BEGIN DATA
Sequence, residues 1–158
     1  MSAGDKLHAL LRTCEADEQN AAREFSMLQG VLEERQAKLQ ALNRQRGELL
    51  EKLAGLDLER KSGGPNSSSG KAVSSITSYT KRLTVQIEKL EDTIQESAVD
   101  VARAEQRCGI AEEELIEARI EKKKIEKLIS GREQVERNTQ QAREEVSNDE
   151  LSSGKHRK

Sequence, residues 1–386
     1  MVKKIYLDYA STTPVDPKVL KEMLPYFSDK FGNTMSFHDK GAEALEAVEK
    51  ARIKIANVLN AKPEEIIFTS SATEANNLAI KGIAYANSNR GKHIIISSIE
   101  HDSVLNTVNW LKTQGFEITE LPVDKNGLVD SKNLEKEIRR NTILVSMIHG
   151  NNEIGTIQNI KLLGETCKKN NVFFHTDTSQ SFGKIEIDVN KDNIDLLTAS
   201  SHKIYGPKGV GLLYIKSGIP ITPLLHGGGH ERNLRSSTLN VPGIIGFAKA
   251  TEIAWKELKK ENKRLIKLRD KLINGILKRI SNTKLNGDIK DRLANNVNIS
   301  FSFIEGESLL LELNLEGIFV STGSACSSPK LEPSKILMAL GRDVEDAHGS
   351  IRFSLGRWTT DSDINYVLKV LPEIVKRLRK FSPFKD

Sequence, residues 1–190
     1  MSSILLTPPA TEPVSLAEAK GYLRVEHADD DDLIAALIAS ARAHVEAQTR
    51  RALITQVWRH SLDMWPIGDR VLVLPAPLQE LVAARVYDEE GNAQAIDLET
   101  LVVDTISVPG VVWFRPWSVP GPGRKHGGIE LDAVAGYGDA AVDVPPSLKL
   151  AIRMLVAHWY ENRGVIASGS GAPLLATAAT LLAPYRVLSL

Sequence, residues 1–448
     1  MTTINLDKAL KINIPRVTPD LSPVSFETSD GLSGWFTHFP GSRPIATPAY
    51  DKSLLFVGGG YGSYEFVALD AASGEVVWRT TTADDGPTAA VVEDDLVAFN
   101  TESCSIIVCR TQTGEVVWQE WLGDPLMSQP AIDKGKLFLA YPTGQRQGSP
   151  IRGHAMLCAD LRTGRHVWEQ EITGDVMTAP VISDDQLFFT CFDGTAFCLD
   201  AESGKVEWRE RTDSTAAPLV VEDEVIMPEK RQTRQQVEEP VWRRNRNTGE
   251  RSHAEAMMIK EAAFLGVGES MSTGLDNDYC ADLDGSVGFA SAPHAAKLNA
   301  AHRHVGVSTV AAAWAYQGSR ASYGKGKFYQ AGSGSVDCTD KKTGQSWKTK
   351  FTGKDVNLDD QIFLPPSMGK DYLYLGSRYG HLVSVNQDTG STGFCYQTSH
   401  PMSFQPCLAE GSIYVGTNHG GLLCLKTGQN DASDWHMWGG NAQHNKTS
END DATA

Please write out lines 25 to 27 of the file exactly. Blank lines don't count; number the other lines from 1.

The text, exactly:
   201  AESGKVEWRE RTDSTAAPLV VEDEVIMPEK RQTRQQVEEP VWRRNRNTGE
   251  RSHAEAMMIK EAAFLGVGES MSTGLDNDYC ADLDGSVGFA SAPHAAKLNA
   301  AHRHVGVSTV AAAWAYQGSR ASYGKGKFYQ AGSGSVDCTD KKTGQSWKTK